Higher education funding major topic at new General Assembly sessionBy Ralph Byers, director of governmental relations
Spectrum Volume 18 Issue 19 - February 1, 1996
The 1996 General Assembly convened on January 10 to consider legislation and craft a budget for the commonwealth for the 1996-98 biennium.
Higher education has been at the center of concern for many legislators this year due to the efforts of the Virginia Business Higher Education Council, which has been advocating increased funding for higher education over the past year. The deadline for amendments to Gov. George Allen's budget was Thursday, Jan. 25, and a majority of the General Assembly endorsed a major amendment for significant increases for higher education.
In the summer, the Virginia Business Higher Education Council (VBHEC) adopted a platform calling for Allen and the General Assembly to increase Virginia's funding for higher education to the per-student average for the Southeastern states. This would require roughly $430 million for the biennium. During the election campaigns this fall, the VBHEC obtained signatures from a majority of the candidates for both the House of Delegates and the Senate for this position.
Allen's budget presented in December recommended approximately $105 million in new spending for higher education. This includes no salary increase in the first year of the biennium, but a somewhat complicated 4.2-percent "bonus" for all state employees that involves moving a payday into the next year. The second year of the biennium would provide a 4-percent increase for the faculty and 3 percent for the classified staff. Allen's budget also provides funding for increased enrollment at Virginia Tech and modest funding for technology initiatives.
At the request of the VBHEC, the Council of Presidents of the state-supported colleges and universities developed a "unified" budget amendment to build on Allen's budget and bring per-student funding to the Southeastern average by 1998. Unlike past years, this single amendment, which totals $339 million for the biennium, covers all operating requests for colleges and universities. Capital requests, however, are submitted individually by the institutions.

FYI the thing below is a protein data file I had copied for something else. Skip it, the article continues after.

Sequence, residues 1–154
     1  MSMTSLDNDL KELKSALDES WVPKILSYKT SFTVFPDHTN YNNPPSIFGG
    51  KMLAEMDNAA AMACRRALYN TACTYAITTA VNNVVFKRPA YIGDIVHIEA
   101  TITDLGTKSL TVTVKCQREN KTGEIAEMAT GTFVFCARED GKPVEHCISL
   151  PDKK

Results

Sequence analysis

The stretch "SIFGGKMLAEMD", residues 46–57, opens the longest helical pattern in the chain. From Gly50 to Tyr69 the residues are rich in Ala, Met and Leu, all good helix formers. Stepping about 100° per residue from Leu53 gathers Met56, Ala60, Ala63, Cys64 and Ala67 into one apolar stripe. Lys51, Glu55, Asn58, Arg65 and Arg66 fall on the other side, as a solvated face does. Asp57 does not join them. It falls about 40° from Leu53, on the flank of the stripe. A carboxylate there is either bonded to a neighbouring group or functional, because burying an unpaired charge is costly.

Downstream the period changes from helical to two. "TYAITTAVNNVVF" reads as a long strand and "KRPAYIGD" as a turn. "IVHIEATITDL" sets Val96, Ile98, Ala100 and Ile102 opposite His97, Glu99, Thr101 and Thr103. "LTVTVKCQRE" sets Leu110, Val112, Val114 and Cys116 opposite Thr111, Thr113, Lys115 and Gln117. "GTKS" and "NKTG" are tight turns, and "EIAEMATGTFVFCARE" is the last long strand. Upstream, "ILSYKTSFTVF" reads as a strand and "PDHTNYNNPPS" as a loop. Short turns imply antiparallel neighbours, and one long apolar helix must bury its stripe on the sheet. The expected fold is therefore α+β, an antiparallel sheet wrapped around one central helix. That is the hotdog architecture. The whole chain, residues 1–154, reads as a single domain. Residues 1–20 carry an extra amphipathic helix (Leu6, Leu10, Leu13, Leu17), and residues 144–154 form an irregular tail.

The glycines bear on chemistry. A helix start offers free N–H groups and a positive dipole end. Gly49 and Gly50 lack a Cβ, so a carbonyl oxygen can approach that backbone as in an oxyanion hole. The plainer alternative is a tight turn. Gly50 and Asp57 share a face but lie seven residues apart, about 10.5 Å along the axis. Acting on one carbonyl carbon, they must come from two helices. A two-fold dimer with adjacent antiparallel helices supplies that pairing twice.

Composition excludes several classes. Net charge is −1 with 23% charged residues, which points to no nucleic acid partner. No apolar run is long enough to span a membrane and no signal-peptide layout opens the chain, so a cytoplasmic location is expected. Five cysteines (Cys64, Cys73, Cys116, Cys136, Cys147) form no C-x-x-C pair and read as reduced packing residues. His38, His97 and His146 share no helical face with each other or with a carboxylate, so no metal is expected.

For Virginia Tech, the unified amendment would provide a total of approximately $55 million of increased funding for the biennium. This includes 6-percent raises for the faculty in both years of the biennium (classified salaries are not covered in the unified amendment, because they are handled centrally by the state). It also includes $15.4 million in operating support for information technology; $18 million in equipment from the Equipment Trust Fund; $4.5 million in undergraduate-student financial aid; and a total of $10 million in funding for undergraduate students and extended graduate education.
Although it is generally recognized that, given the state's revenue picture, it will be very difficult to obtain full funding for this amendment, 25 senators and 74 delegates have endorsed it. This includes the co-chairmen of the Senate Finance Committee, Sen. Stanley Walker of Norfolk and Virginia Tech alumnus Sen. John Chichester of Fredericksburg; and in the House of Delegates, Appropriations Committee Chairman Earl Dickinson and Higher Education Appropriations Committee Subcommittee Chairman Alan Diamonstein. Senator Madison Marye and Delegate Jim Shuler also provided strong endorsements for the amendment.
The university submitted a number of amendments for capital-outlay projects, including a request for $10 million in General Fund support for the $25-million Advanced Communications and Information Technology Center, $21 million to continue the Upper Quad conversion, and funding for technology upgrades to classrooms and dormitories. It is generally agreed that funding for capital outlay will be difficult to secure, although several proposals for debt financing of facilities have been introduced.
Legislation on a wide variety of topics is now working its way through the system. Items such as pornography on the Internet and state-level control of technology are attracting a good bit of attention. Virginia Tech is cooperating with other universities to continue the process of decentralization to obtain greater control at the university level for such functions as purchasing, personnel, and capital outlay.
For more information, please contact the Office of Government Relations, 221 Burruss Hall, or call 1-7111.